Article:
The European Commission has claimed the “right to be forgotten” on the Internet does not supercede media freedoms, after strong criticism from the UK’s House of Lords that called for the notion to be wiped out of draft EU data privacy legislation.
Peers branded a May ruling by the European Court of Justice (ECJ) – that has led to search engines like Google removing links to news stories from their search results – “unworkable, unreasonable and wrong in principle” in a report published today (30 May).
“We do not believe that individuals should be able to have links to accurate and lawfully available information about them removed, simply because they do not like what is said,” said Baroness Usha Prashar, Chairman of the House of Lords EU Home Affairs, Health and Education Sub-Committee, which scrutinises draft EU legislation.
The ECJ judgment backed part of a 2012 European Commission proposal to revise EU privacy law. It gives people the right to demand web companies delete personal information from their servers.
Although adopted by the European Parliament, the draft law has still not been approved by the Council of the EU, the institution which represents the 28 EU member states. The law can only come into force once both institutions agree an identical text. But the ECJ ruling means a form of the right to be forgotten is already in practice.
EU Commissioner for Justice Martine Reicherts said, “The recent European Court of Justice ruling does not elevate the right to be forgotten to a ‘super right’ trumping other fundamental rights, such as the freedom of expression or the freedom of the media.
“Finding the right balance is exactly the spirit of the on-going EU data protection reform: empowering citizens to manage their personal data while explicitly protecting the freedom of expression and of the media.”
Google had more than 70,000 link-removal requests from individuals across Europe in the 17 days since the judgment. Among those reported to have applied are sex offenders and disgraced politicians.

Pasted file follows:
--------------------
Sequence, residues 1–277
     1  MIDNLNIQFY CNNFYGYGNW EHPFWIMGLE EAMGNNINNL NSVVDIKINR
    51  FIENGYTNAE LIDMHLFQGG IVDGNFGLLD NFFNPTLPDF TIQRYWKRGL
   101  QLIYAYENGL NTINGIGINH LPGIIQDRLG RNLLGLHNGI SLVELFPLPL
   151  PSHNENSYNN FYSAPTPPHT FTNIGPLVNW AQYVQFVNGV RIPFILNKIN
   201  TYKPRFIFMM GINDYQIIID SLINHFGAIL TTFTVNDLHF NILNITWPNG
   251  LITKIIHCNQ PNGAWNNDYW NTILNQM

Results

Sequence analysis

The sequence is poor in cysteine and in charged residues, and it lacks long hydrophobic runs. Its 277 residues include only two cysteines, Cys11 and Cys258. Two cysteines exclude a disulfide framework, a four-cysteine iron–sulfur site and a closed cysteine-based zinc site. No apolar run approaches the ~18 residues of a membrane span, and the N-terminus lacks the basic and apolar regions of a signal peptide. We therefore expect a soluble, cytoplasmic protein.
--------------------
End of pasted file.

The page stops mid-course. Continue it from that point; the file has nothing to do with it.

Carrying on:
It has removed links to some stories in major news outlets, in what some commentators have said is a strategy to highlight the problems with the ruling. While search engines can reject requests, those can then be appealed to a national data regulator.
ECJ judges ruled internet search engine providers were responsible for processing personal data appearing on web pages published by third parties, such as newspapers.
By classifying search engines as data processers, judges brought them under a 1995 EU directive, giving individuals the right to have access to and request the deletion of data held by companies. The decision, despite the unresolved legislation, must be taken into account by national courts across the EU. The case originally related to a Spanish man who wanted a link to a 16 year-old article about him removed.
Baroness Pashar said there were compelling reasons why, in the new regulation, search engines should not be classed as data controllers.
“It is also wrong in principle to leave search engines themselves the task of deciding whether to delete information or not, based on vague, ambiguous and unhelpful criteria,” she added.
The 1995 directive was out of date, she said, and drafted before Google was founded.
The Lords committee called on the UK government to remove the right to be forgotten and a European Parliament amendment to it known as the “right to erasure” from the bill during negotiations in Brussels. MEPs strengthened the right in the amendment.
Should the UK pick up on the report’s recommendations, it could delay the passing of the whole legislative package.
The European Court of Justice ruled on 13 May that Google could be forced to remove links to online content that breaches EU privacy laws.
The ECJ ruled that Google should, under certain circumstances, edit or remove its Internet search results, backing the EU's drive to introduce a "right to be forgotten" on the Internet.
The ruling followed a complaint in Spain by a man whose house was auctioned off 16 years ago to pay for unpaid taxes.
La Vanguardia, a Spanish daily newspaper, covered the case in two stories it wrote at the time, in 1998. But instead of asking the newspaper to withdraw it, the Spanish regulator focused on Google and Google Spain.
The “right to be forgotten” enables people to request web companies to delete personal information from their servers, and is part of a 2012 European Commission proposal to revise EU privacy law. It was adopted by the European Parliament and is now with the European Council to be scrutinised by member states.